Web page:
Historian Marshall Sprague wrote about mountain passes serving as ‘Great Gates’ funnelling humans and animals from one side to the other—Rollins Pass absolutely fits the definition of a Great Gate. An example (without voiceover) is showcased below of how the mountains comprising Rollins Pass have been used as a Great Gate for millennia:

Rededication and Unveiling of the Moffat Cup with Dana Crawford | Union Station Great Hall, Denver—September 6, 2019


Thank you so much, Brad. You have done an incredible job putting this together so that the world can marvel at this masterpiece in Denver’s reinvigorated transportation hub. You, alongside History Colorado and others, have helped ensure one inscription on the cup rings true: “this tribute… will remain an inspiration for all the years to come.”

Thank you all for coming this evening and a warm thank-you to those names appearing on the plaque, including those who donated in memory of others. We continue the trend honoring someone so integral to both Denver and Colorado history. Moffat in a sense, is immortal.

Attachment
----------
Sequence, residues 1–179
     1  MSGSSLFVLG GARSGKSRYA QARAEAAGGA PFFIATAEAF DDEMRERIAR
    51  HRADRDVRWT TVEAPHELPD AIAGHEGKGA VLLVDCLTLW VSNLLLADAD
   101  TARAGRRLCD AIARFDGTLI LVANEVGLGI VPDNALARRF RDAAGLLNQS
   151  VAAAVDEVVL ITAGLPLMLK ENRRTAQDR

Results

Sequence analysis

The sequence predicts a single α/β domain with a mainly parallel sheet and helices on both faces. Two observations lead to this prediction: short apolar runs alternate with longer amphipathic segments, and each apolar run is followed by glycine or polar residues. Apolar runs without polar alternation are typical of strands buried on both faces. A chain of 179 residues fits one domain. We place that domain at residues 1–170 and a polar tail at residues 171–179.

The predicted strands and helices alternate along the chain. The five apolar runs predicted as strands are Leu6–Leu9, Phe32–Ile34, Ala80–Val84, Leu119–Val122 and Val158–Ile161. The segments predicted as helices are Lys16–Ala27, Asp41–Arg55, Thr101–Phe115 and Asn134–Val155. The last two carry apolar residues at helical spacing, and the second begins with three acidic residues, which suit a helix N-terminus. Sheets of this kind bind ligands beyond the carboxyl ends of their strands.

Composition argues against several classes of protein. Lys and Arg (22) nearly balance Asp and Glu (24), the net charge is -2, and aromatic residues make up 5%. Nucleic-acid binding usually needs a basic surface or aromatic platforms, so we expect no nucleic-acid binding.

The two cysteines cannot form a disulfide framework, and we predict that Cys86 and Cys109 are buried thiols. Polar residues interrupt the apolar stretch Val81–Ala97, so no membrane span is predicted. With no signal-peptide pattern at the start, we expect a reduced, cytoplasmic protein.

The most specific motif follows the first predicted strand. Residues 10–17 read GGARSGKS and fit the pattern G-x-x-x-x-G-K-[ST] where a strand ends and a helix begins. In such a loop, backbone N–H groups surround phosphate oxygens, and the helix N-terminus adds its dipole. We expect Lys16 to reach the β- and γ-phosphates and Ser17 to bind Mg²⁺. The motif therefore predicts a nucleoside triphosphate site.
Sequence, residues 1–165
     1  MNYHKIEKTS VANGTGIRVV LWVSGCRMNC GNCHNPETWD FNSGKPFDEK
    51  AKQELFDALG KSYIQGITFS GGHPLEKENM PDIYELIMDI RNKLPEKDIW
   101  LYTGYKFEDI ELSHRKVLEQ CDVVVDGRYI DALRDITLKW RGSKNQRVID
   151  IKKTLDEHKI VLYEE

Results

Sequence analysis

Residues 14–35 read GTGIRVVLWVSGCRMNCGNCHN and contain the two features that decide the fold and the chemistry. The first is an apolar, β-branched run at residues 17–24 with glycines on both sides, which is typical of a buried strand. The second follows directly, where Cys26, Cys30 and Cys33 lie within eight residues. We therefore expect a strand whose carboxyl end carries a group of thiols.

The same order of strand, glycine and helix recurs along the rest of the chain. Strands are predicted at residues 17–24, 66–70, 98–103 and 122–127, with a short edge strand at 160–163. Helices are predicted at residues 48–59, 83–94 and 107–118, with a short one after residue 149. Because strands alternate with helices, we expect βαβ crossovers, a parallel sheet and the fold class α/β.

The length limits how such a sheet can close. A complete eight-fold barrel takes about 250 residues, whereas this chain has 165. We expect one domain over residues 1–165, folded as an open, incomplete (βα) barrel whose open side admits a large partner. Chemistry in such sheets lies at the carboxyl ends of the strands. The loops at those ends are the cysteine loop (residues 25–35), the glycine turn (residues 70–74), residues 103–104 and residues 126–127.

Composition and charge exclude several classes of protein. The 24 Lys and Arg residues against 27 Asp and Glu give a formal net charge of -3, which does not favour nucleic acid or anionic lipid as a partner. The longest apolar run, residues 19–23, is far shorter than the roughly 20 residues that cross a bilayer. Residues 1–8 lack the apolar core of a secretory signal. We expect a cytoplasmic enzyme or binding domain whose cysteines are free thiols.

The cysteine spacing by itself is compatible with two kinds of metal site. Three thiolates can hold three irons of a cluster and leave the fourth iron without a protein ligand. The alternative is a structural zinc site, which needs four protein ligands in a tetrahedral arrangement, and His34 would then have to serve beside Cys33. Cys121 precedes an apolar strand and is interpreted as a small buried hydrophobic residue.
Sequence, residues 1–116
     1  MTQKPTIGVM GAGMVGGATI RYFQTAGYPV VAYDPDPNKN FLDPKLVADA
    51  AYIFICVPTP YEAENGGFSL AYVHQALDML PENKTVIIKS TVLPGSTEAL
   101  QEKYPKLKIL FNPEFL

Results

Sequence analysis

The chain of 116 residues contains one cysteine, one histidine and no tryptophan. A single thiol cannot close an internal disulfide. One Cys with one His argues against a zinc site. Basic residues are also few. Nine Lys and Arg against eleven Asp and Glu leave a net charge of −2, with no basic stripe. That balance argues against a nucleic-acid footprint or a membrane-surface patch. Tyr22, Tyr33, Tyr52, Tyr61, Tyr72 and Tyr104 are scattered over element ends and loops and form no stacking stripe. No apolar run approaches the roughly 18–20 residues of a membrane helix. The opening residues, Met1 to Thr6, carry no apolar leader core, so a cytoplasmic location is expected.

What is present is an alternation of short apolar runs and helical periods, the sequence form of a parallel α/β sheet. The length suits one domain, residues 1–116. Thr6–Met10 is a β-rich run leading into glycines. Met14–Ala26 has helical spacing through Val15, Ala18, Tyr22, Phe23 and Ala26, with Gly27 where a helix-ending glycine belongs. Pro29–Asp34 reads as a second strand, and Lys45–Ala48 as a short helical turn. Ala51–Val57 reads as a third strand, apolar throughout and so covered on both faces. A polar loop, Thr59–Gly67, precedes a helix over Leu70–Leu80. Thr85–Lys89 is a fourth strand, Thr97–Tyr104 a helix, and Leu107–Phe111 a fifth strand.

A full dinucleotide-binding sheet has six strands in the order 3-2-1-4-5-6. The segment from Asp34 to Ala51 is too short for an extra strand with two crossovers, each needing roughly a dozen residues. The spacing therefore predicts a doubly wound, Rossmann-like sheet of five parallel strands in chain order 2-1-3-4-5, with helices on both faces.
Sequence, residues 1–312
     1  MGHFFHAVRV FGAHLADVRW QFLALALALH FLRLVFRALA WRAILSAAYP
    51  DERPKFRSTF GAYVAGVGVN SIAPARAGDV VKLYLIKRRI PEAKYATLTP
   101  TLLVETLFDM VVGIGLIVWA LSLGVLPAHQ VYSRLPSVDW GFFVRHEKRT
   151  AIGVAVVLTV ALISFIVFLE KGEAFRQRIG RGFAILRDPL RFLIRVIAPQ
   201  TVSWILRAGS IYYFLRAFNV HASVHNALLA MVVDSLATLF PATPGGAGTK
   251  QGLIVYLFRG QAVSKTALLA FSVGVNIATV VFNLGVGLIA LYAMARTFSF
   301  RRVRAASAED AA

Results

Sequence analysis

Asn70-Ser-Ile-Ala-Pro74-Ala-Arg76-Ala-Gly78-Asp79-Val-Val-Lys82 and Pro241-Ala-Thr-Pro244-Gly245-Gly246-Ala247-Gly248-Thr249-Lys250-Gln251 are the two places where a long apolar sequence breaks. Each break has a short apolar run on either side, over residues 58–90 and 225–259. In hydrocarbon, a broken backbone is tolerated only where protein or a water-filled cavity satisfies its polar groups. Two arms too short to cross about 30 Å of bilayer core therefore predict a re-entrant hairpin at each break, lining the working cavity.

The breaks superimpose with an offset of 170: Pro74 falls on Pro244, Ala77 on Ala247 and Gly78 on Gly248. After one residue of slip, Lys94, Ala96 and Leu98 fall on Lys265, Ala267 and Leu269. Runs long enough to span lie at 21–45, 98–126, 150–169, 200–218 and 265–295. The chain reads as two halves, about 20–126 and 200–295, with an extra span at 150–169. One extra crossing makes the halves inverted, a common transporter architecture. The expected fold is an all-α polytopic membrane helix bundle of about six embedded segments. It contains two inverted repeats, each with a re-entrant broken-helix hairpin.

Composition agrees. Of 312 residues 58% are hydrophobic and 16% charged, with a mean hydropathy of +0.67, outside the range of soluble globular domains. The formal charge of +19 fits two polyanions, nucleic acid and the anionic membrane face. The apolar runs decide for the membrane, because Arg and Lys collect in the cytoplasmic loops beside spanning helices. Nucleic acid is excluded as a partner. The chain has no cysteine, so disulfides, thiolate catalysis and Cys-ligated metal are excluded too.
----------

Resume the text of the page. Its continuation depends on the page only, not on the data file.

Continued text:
Kate and I wanted to speak about the Gateway to the Rockies along a short stretch of the Moffat Road that once served as the rail route over the Continental Divide for nearly a quarter-century, prior to the opening of the Moffat Tunnel.

Professional archaeologist Dr. Jason LaBelle shares that “Historian Marshall Sprague once wrote of the ‘Great Gates’ guarding the rugged Rocky Mountains and their importance to history. These gates were passes—serving to funnel humans and animals across the mountains and conveniently from one drainage to the next. Rollins Pass of the Colorado Front Range certainly deserves company among the list of Great Gates defining the history of the American West.”


Rollins Pass has served as a Great Gate for millennia. The pass was first used extensively by Native Americans, then in the latter half of the 19th century, John Quincy Adams Rollins built a toll-wagon road over what was then known as Boulder Pass. It was in this era when the beauty of Rollins Pass was captured in writing, this quote by Samuel Bowles from 1869, “Everywhere about us, where the snow and the rocks left space, were the greenest of grass, the bluest of harebells, the reddest of painter’s brush, the yellowest of sunflowers and buttercups. All, with the brightest of sun and the bluest of sky… that we were in raptures with the various beauties of the scene and feel still that no spot in all our travel is more sacred to beauty than this.”